Joint hypermobility syndrome, migraines both rooted in same cause: too-elastic collagen
updated 3/2/2011 4:17:11 PM ET
NEW YORK — People with severe forms of double jointedness have a greater risk of suffering from migraine headaches, a new study finds. They also tend to have more severe and more frequent migraines.
Researchers say that the two conditions — “joint hypermobility syndrome” and migraines — may have causes rooted in the same problem.
People who fit the profile for having joint hypermobility have contortionist-like flexibility. They are able to bend their thumbs back to their forearms, overextend their elbows, and place their palms on the floor without bending their knees, for instance.
“It’s a disease of collagen, basically,” study author Dr. Vincent Martin, a professor at the University of Cincinnati College of Medicine in Ohio, told Reuters Health.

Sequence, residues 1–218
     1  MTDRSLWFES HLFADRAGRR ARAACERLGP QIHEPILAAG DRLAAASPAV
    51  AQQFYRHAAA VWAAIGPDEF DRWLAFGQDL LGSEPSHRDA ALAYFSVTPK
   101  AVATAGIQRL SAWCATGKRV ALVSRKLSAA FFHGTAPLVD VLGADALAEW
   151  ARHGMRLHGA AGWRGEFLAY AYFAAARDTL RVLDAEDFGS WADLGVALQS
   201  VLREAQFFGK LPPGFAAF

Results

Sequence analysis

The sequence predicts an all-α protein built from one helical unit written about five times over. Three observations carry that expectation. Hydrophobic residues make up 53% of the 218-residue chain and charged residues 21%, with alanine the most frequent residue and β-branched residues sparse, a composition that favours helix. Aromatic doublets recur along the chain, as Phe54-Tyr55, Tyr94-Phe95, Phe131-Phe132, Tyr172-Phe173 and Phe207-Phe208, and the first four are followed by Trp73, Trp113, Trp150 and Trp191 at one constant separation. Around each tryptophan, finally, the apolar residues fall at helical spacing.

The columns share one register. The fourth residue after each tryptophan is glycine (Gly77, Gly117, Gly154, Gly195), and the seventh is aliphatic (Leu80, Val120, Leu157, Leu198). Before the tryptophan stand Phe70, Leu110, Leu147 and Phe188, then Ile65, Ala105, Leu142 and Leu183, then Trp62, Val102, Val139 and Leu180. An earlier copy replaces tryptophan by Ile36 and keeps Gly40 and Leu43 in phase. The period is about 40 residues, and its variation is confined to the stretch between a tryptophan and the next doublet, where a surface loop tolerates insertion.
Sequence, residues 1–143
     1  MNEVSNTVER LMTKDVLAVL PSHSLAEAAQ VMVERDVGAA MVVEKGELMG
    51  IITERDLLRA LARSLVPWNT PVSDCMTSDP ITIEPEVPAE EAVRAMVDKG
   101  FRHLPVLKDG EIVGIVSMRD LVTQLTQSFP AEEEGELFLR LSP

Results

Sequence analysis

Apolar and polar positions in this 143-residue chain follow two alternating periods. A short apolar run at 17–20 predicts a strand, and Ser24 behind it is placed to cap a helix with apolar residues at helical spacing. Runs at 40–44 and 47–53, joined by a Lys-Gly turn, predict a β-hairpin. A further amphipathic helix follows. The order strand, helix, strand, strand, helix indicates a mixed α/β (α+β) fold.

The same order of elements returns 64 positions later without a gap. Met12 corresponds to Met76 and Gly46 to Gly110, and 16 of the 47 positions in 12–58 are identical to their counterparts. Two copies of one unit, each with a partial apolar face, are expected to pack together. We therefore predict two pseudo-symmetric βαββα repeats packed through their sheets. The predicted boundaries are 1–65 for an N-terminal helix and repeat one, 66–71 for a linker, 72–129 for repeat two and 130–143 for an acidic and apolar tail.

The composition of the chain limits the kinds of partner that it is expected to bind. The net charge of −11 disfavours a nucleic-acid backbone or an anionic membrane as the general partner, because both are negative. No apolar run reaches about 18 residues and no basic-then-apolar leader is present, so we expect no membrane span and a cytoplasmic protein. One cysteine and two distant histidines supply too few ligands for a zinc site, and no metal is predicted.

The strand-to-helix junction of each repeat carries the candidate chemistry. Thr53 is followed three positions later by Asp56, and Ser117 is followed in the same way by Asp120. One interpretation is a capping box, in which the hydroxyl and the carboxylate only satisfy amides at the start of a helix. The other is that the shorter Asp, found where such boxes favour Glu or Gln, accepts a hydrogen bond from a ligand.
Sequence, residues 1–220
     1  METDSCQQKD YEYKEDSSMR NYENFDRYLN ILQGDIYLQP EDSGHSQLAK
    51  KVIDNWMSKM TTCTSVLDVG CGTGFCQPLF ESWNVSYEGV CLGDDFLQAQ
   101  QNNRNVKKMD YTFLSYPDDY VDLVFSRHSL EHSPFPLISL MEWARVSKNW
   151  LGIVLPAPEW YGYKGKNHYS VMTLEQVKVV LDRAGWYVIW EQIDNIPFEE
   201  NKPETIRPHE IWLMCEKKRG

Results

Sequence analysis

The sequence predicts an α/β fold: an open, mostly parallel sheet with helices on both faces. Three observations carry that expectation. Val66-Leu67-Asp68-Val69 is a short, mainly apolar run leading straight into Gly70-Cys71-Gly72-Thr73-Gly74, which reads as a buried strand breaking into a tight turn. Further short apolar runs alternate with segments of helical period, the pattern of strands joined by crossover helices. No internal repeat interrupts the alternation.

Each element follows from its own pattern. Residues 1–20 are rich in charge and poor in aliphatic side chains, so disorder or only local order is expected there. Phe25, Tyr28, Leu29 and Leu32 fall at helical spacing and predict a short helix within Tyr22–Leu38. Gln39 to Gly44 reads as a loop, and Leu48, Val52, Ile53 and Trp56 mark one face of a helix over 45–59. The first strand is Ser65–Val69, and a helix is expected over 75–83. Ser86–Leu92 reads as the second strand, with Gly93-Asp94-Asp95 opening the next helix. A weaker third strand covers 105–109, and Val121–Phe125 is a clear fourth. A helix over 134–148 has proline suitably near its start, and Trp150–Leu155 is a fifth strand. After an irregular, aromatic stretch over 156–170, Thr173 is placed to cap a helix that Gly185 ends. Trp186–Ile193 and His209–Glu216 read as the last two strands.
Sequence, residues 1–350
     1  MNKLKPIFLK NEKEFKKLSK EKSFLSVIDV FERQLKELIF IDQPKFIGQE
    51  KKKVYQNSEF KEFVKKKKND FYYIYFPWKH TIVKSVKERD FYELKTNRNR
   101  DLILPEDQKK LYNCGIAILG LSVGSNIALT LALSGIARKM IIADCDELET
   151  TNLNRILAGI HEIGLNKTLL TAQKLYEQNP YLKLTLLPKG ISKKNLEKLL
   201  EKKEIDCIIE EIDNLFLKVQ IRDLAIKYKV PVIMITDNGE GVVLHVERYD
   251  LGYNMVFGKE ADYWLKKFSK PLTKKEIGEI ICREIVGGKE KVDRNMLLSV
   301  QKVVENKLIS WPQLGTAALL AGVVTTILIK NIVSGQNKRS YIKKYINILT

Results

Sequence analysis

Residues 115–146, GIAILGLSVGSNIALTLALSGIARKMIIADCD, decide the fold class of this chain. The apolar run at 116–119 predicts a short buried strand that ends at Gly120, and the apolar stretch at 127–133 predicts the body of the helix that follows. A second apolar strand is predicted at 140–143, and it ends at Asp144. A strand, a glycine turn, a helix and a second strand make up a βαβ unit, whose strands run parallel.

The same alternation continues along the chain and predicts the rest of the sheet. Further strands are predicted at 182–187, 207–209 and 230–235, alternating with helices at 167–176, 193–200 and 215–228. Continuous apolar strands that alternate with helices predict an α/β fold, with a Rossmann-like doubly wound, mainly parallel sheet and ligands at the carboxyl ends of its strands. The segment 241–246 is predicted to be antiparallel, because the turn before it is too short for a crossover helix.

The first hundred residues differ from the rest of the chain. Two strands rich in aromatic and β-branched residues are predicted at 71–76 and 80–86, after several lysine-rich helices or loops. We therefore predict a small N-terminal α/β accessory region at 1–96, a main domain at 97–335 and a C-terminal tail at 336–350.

Collagen is one of the body’s basic building blocks, helping to form myriad structures, including the joints and blood vessels.
Martin’s hypothesis is that if the collagen is too elastic, it leads to both flexible joints and stretchy blood vessels — problems involved in joint hypermobility syndrome and migraine, respectively.
Martin had noticed in his clinical practice that double-jointed patients seemed to suffer from migraines, too. He also pulled from his own experience, having both hypermobility and migraine headaches.